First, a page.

Throughout Africa, and all over the world, palm oil is extremely popular. The oil comes from palm nuts, is then refined to remove the deep red color and distinctive taste, and sold to virtually every market on Earth. In the United States, you can find it in just about every store in prepackaged baked good, and it is often used to make the “crème filling “ in products like Twinkies or Oreos.
In places where palm trees actually grow—and of course we are not talking about coconut palms, but palm nut palms—you can also find unrefined palm oil, or "red oil," as it is called here and elsewhere. Red oil has a strong, musky flavor, much stronger, for instance, than olive oil. It is used frequently and liberally in most Liberian dishes.
For the first two and a half years of our time here, we used red oil sparingly, in part because we only liked it in certain dishes. We preferred purchasing “vegetable oil” from the city stores. We’d buy vegetable oil in five gallon containers and go through them surprisingly fast.
After a while we learned two things that caused a change in our eating behavior. The first was our Monday-Friday cook, Vera used between a cup and a cup and two cups of oil in every dish she cooked for us. The second tidbit was that the copious amounts of oil we were consuming was not merely vegetable oil, it was in fact refined palm oil. This caused us to conduct some research, and the results surprised us.
While there remains some controversy around palm oil, both the World Health Organization and the American Heart Association have suggested it is a fairly unhealthy oil as oils go and ought to be avoided when possible. The problem is its saturated fat content. Saturated fats are associated with heart disease, high blood pressure and stroke, and when it comes to saturated fats, palm oil and red oil are leaders of the pack. Note the following chart from a nutrition and diet book. The red line indicated Saturated Fat, the gray section indicates more healthy Monounsaturated Fat, and the yellow and green sections healthy Omega 6 and Omega 3 oils, respectively. There is a key at the top of the chart. Note the "palm oil" column.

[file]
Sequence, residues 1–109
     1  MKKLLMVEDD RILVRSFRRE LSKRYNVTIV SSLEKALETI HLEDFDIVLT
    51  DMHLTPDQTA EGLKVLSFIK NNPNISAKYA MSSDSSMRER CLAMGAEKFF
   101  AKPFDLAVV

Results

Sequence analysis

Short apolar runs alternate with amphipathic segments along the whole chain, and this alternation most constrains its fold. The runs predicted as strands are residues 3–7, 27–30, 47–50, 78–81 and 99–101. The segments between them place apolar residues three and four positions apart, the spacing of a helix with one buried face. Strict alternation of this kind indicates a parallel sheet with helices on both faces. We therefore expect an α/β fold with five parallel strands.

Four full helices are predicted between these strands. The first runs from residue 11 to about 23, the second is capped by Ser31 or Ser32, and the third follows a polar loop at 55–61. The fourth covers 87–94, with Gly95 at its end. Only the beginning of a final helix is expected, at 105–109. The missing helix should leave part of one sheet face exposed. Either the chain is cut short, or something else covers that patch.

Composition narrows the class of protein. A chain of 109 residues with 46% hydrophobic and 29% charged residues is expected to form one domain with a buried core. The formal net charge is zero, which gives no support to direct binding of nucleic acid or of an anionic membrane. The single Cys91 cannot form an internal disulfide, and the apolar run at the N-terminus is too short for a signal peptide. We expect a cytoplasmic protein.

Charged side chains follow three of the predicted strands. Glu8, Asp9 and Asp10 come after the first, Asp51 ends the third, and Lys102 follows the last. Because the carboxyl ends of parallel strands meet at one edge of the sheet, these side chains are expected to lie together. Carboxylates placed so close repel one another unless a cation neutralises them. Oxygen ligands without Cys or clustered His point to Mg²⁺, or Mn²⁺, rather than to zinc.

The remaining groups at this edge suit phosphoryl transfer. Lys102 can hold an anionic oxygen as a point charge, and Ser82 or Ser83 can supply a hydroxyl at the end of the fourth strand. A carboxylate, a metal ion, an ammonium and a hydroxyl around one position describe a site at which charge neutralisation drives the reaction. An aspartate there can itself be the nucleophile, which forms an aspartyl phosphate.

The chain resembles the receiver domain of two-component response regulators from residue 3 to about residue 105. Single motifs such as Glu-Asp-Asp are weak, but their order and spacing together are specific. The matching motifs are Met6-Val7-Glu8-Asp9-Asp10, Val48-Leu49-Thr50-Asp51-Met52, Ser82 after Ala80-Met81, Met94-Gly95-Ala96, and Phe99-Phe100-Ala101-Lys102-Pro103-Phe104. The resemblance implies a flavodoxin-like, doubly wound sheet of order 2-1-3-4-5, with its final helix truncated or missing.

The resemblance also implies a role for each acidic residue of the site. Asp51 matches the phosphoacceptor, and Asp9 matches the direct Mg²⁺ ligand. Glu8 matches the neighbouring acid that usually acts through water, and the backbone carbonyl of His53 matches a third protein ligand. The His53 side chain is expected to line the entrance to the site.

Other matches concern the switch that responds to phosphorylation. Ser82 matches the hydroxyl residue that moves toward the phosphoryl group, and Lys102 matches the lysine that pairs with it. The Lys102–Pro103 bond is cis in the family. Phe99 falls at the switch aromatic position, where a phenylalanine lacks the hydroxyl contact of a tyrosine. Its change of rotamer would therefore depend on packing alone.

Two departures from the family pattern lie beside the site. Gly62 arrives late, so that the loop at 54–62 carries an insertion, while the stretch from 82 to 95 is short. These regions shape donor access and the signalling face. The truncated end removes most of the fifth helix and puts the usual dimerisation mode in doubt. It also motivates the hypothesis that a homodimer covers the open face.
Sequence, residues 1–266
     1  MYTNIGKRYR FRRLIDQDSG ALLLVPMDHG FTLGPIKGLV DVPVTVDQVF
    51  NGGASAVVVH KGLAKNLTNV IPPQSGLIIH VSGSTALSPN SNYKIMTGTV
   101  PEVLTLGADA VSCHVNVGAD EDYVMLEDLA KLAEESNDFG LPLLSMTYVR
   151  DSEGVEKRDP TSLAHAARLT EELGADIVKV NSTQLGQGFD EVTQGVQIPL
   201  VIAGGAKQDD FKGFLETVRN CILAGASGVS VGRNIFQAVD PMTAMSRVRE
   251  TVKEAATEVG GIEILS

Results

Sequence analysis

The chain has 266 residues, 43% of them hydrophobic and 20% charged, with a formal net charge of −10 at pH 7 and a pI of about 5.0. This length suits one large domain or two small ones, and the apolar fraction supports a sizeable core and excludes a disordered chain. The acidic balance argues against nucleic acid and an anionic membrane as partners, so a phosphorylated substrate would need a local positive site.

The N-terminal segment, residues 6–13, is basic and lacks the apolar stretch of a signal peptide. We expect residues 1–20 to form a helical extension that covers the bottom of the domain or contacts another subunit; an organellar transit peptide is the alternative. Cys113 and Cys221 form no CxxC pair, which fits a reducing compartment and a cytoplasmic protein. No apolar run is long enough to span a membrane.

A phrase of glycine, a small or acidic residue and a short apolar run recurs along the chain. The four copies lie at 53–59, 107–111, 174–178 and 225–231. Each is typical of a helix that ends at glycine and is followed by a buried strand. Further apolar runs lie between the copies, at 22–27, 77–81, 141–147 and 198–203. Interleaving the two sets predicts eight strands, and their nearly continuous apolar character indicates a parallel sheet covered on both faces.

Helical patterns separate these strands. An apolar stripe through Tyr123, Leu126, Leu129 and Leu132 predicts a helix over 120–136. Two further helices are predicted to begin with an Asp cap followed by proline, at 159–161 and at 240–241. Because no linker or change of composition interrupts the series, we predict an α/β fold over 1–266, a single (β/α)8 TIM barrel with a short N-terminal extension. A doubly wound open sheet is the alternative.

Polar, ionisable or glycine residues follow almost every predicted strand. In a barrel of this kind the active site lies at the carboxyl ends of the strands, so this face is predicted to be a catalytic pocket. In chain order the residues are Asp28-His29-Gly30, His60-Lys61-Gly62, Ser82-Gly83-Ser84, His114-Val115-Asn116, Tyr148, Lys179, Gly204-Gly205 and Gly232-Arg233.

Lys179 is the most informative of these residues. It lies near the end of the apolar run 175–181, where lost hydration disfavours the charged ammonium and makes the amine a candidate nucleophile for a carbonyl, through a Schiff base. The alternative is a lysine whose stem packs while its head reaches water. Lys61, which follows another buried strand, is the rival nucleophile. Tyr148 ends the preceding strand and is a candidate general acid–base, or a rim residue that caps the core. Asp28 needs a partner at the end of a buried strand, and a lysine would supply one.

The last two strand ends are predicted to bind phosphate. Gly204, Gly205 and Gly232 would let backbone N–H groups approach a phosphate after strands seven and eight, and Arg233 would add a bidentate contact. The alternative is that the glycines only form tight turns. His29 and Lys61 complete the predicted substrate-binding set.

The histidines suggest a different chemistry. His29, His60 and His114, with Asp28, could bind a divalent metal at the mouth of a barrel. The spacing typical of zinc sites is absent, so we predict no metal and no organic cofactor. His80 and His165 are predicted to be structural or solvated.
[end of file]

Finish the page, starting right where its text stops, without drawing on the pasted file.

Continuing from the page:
And if you really want to go crazy, consider "palm Kernel oil" This comes from inside the palm nut. This is what palm kernel oil would look like on that chart.
Incredibly, palm oil-- red or refined--contains more saturated fat (51%) than lard. Palm kernel oil contains even more- 82%- more in fact than pure beef fat or butter.
In this age of claims and counter claims regarding foods, we know we do not know everything regarding palm oil. But we think we know it is ok if we follow the advice of the WHO and the AHA and avoid it. Soybean and other oils are available in Liberia, but they are very expensive (One liter costs around $10.00) . Yet this has additional advantages, as we use even less now because of the costs. We wonder, however, about our Liberian friends. The average life span is 48. We do not know a lot of old Liberians. How much of this is due to a lifetime of consuming red oil? Yet really, what choice do my Liberia neighbors have? What does a calorie-deprived people do when the choice is an affordable, calorie and flavor rich oil, or no oils at all because of some unforseen danger called "saturated fat?" So while it is easy for us to pass on palm oil, it is really impossible-- unthinkable-- for our friends.
Palm bunches, freshly cut from the tree.